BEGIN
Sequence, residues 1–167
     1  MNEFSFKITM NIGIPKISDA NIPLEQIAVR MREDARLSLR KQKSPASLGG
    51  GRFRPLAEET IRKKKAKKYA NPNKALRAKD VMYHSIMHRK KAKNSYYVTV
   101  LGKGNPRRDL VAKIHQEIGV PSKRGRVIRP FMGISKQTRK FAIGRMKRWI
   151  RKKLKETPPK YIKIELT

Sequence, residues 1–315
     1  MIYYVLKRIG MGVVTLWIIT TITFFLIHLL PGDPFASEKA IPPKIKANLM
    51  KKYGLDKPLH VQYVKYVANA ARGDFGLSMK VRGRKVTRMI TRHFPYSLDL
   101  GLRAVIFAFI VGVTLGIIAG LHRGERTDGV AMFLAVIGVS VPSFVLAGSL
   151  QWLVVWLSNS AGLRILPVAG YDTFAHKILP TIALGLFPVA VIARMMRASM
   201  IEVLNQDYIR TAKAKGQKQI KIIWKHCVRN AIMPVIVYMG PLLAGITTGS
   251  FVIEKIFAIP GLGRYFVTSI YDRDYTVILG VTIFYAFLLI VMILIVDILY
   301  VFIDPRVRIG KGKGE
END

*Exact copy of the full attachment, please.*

Sequence, residues 1–167
     1  MNEFSFKITM NIGIPKISDA NIPLEQIAVR MREDARLSLR KQKSPASLGG
    51  GRFRPLAEET IRKKKAKKYA NPNKALRAKD VMYHSIMHRK KAKNSYYVTV
   101  LGKGNPRRDL VAKIHQEIGV PSKRGRVIRP FMGISKQTRK FAIGRMKRWI
   151  RKKLKETPPK YIKIELT

Sequence, residues 1–315
     1  MIYYVLKRIG MGVVTLWIIT TITFFLIHLL PGDPFASEKA IPPKIKANLM
    51  KKYGLDKPLH VQYVKYVANA ARGDFGLSMK VRGRKVTRMI TRHFPYSLDL
   101  GLRAVIFAFI VGVTLGIIAG LHRGERTDGV AMFLAVIGVS VPSFVLAGSL
   151  QWLVVWLSNS AGLRILPVAG YDTFAHKILP TIALGLFPVA VIARMMRASM
   201  IEVLNQDYIR TAKAKGQKQI KIIWKHCVRN AIMPVIVYMG PLLAGITTGS
   251  FVIEKIFAIP GLGRYFVTSI YDRDYTVILG VTIFYAFLLI VMILIVDILY
   301  VFIDPRVRIG KGKGE